Ian Lurie // Jan 22 2009
“OK, but how do we know what you did helped our business? Maybe it was a coincidence.”
Just writing that caused me to hurt my head pounding it against the bulkhead of this airplane. I’m currently on an Alaska Airlines 737, en route back to Seattle after a travel week that felt like someone was repeatedly kicking me in the tenders. Once the nice flight attendant determined I hadn’t gone insane and was about to start belting out Stevie Wonder tunes while ripping off my clothing, she cautiously headed up the aisle to resume glaring balefully at anyone who pushed the call flight attendant button.
I’ve been asked that fateful question lots of times. Each time, I grind my teeth and repeat all the stuff we did, the timing, and how A points to B.
It rarely works.
Why? Why oh why can’t anyone get it?
It’s not the clients’ fault. It’s ours, because we frequently fall into the list-and-report mentality. Present a list of things we did this month on one piece of paper, key performance indicators (KPIs) on another, and then start strutting around like a peacock.
That’s a mistake. Internet marketing isn’t about lists of tasks. Nor is it just about KPIs. It’s about the narrative. N-A-R-R-A-T-I-V-E.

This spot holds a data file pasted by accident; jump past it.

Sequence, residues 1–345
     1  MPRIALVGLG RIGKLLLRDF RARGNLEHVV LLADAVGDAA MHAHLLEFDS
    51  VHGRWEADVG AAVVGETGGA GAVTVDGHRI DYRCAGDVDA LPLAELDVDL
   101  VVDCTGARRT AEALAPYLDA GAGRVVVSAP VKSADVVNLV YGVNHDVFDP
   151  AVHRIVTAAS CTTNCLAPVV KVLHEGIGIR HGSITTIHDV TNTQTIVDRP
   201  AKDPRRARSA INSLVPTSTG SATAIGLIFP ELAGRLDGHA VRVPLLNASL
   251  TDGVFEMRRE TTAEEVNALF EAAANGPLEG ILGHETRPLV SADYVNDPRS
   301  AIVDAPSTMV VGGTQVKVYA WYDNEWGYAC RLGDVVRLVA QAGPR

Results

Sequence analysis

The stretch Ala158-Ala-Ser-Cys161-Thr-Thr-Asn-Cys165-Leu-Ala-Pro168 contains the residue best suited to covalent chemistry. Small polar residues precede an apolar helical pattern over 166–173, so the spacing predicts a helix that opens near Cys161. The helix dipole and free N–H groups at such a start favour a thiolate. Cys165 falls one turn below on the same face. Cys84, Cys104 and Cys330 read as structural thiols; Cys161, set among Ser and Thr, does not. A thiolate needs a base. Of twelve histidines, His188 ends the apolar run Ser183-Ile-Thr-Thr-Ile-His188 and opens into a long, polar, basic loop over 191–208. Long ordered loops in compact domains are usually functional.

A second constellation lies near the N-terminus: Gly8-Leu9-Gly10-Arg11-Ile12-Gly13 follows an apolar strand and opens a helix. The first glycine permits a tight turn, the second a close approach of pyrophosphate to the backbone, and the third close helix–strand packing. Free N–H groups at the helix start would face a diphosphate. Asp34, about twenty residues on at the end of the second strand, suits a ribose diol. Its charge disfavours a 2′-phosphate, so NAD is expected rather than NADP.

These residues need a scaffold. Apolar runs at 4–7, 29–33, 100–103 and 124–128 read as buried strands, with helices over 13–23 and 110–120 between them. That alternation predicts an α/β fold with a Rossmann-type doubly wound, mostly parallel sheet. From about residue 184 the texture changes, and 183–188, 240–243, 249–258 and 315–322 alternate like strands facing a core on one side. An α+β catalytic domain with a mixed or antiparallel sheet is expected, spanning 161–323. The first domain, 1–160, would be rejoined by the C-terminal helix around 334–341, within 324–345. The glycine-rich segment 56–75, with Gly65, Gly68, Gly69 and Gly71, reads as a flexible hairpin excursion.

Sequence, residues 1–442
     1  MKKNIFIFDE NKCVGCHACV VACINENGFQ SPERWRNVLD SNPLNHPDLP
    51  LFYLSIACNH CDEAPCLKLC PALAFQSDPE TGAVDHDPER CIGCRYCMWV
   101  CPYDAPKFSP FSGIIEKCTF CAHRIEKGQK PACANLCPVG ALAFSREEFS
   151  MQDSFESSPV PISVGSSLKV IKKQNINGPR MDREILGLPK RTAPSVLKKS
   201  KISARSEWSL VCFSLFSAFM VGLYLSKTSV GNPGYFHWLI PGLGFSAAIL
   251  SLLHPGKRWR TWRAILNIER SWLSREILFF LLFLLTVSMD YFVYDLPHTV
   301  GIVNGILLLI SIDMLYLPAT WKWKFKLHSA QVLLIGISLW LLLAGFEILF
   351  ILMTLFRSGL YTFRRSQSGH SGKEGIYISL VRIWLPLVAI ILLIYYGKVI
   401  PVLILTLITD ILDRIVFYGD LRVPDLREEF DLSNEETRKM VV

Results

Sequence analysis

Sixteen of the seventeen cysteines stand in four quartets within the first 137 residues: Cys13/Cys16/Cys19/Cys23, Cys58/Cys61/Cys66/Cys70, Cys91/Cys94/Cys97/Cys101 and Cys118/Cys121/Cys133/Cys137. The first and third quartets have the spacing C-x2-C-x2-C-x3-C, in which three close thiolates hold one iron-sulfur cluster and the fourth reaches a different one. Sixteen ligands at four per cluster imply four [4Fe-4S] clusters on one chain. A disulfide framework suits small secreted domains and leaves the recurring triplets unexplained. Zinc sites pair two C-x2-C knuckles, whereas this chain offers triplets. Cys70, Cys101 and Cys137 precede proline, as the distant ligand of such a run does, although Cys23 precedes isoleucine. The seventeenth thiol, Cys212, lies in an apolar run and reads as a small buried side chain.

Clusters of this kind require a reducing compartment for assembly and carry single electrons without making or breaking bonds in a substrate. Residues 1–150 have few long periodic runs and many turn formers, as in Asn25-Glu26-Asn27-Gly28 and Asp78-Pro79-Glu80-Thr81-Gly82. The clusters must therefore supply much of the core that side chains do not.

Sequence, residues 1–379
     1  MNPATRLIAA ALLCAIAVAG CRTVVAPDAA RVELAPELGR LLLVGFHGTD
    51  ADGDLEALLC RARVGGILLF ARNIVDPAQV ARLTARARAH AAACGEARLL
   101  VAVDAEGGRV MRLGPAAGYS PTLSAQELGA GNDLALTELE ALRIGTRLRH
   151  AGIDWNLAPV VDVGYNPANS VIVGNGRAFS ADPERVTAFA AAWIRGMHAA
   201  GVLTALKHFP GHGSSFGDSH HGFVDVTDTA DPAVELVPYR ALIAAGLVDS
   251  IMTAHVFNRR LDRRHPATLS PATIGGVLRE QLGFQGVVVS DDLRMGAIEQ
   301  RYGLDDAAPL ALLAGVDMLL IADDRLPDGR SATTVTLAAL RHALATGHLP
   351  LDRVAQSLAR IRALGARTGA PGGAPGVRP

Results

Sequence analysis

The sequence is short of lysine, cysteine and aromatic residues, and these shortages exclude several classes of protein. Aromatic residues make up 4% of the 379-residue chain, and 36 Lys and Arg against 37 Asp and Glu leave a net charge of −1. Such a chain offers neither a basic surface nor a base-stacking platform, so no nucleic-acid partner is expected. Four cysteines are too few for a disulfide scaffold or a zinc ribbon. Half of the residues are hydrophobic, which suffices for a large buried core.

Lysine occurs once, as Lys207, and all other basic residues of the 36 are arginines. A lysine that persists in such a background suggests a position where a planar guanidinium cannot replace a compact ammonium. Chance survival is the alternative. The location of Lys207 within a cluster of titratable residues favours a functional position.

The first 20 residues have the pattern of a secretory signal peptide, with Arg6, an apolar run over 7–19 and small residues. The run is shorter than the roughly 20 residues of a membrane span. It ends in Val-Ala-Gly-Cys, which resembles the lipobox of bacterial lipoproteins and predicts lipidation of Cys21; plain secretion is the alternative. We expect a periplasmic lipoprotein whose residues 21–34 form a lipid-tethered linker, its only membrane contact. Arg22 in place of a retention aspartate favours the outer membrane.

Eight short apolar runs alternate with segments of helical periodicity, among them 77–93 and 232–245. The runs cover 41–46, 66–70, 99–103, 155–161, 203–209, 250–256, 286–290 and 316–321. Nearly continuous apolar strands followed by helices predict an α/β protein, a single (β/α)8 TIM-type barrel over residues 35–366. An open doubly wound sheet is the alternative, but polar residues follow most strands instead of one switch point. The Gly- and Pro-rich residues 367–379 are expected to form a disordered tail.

The sooner we start communicating that way, the sooner I can stop scaring flight attendants.
When you conduct an internet marketing campaign, you’ll probably:
That’s the minimum.
Every action you take for each of these tactics is a blip on a narrative timeline for your campaign. Don’t just list each blip, like this (pretend I’m reading in a nasal, annoying voice for this next part):
Right about there the client stops listening and/or reading, and starts playing Solitaire while saying ‘mm-hmmm’ into the phone. Or they start figuring out whether they can outsource all this stuff to underpaid Vietnamese children.
Parts is parts. If you show the client parts, they’ll take ‘em at face value, which is nada.
Disclaimer: My company is about to launch a tool that generates the kind of reporting I’m describing. So yes, I’m biased. But there’s a reason we developed the toolset, and this is it.
Instead, present your data in a narrative. It doesn’t have to be fancy. Just tie changes in data to an explanation of what changed:
All I did was explain, in writing, what changed.
Yes, I know you tell the clients all of this. Guess what? They have other stuff on their minds. So you need to report your data as part of a narrative.
Here are the rules for narrative reporting:
You’re rolling your eyes. Stop it. These are little things that can completely turn around (or totally sink) a campaign. Yes, it takes a little extra time to prepare a narrative report.
In my experience, that little bit of time changes “OK, but how do we know what you did helped our business? Maybe it was a coincidence.” to “How can we do more of that?”
If you’ve got any narrative reporting tricks, share ‘em with the class: Post them below:
Ian Lurie is founder and CEO of Portent Inc., an internet marketing agency that has provided internet marketing, including PPC, SEO, social and analytics services, since 1995. Read More